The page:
One important area of concern that received little attention during this year’s monumental presidential election was education. Other than a brief nod during one debate — during which both candidates represented cursory and almost identical positions — education and the looming future of the No Child Left Behind Act was indeed left behind.
Currently, understanding the future direction of public education in the United States revolves around President Obama’s Secretary of Education Arne Duncan. The improvements that Duncan is planning stem from a proposed $140 billion stimulus (sound familiar?), a large portion of which is intended to help states maintain and create teaching jobs and other positions in schools. Duncan plans to venture out on a listening tour across the county to hear firsthand what people in local places and spaces think.
On this tour, I hope Duncan hears from current college students who are intending to major in education. If he does, he will get a glimpse of some major problems that must be addressed during his tenure. One of these is the incongruency among states’ certification requirements and tests. He will hear about states such New York, New Jersey, Pennsylvania, Delaware and Virginia that either adhere to different passing scores on certification exams, often change their passing scores, or use different exams altogether.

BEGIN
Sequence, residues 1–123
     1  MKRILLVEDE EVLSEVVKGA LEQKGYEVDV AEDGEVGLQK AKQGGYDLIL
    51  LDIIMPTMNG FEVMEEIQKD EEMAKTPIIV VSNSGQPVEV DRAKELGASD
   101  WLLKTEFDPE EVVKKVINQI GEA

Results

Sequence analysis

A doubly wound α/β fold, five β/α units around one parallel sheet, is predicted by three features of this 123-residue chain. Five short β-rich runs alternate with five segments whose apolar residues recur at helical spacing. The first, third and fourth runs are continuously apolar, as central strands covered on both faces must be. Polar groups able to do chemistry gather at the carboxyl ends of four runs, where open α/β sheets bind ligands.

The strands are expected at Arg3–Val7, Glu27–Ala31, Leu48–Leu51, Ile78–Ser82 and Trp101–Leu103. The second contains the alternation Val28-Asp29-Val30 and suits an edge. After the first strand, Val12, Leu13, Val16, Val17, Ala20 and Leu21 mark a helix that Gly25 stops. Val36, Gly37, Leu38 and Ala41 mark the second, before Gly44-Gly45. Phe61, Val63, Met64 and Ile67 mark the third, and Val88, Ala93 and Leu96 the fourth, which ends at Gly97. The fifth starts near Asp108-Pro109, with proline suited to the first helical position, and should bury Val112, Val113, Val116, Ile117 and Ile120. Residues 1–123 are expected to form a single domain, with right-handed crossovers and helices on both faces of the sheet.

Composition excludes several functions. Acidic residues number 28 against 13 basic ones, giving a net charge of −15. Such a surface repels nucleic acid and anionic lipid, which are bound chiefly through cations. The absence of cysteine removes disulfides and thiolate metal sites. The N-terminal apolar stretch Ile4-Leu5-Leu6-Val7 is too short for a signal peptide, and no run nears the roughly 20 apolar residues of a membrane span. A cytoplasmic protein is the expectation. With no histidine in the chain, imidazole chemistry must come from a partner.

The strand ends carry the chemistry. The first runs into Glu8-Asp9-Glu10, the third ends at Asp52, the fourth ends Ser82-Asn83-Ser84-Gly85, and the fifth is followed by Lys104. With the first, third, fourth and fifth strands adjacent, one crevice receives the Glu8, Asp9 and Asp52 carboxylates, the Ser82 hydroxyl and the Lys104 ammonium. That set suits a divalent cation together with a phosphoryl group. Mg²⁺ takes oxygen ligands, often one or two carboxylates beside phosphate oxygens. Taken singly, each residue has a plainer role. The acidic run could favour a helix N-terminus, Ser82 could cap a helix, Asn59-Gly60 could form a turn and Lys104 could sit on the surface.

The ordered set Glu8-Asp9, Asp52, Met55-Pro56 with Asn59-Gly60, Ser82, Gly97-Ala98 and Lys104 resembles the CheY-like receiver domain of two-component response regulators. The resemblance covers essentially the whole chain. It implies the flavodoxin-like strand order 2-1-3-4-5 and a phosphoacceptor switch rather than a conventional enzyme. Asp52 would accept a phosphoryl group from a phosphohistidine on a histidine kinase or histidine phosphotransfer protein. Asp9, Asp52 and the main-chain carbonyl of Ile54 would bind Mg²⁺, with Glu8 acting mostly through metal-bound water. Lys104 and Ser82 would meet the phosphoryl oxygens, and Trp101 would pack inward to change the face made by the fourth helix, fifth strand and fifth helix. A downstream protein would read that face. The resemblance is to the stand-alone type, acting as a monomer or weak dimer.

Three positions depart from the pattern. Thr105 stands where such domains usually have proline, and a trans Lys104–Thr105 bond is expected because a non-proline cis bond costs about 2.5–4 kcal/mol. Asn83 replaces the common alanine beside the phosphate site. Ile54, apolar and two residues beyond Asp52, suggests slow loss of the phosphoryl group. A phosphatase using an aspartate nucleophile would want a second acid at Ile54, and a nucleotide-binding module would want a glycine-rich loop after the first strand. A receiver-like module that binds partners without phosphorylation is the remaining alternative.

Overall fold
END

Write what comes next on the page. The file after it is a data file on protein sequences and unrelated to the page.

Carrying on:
Hopefully, Duncan will hear that confusion is the least important result of these policies. These incongruencies create more obstacles for talented, new teachers who desire to leave their certifying states and teach in high need, urban areas in neighboring states. Like all bad policies, these incongruencies ultimately harm groups who need help the most: children in high need urban and rural schools.
I also hope that Duncan will see that some states such as Pennsylvania are transitioning into bizarre certification models — based upon no clear research base — that will make it absolutely miserable for college students to major in education. For starters, such models mandate a cemented course sequence, leave no room for electives and attempt to dictate the qualifications for faculty employment in teacher education programs. Without question, such models will decrease the number of gifted college students applying to and completing the major.
Some might suggest that any pressure put on states from the federal department of education is both undesirable and unconstitutional. My response would be that in the last 50 years, the federal government has increasingly stepped in and steered states straight when they have been off course.
Look no further than Supreme Court cases that not only declared racial segregation illegal but later outlined other measures for desegregation and related penalties. Today, strong-arm federal influence is happening on the daily through the No Child Left Behind Act. All of this means that Arne Duncan should and will have a say in teacher education at the state level, and I hope he hears from students in those programs as he makes decisions that will shape the next generation of educators.
Dr. Emery Petchauer is an assistant professor of education at Lincoln University in Pennsylvania; his current research includes teacher preparation for ethnic minority students particularly at HBCUs and how involvement in hip-hop implicates students’ educational approaches, experiences, and lives.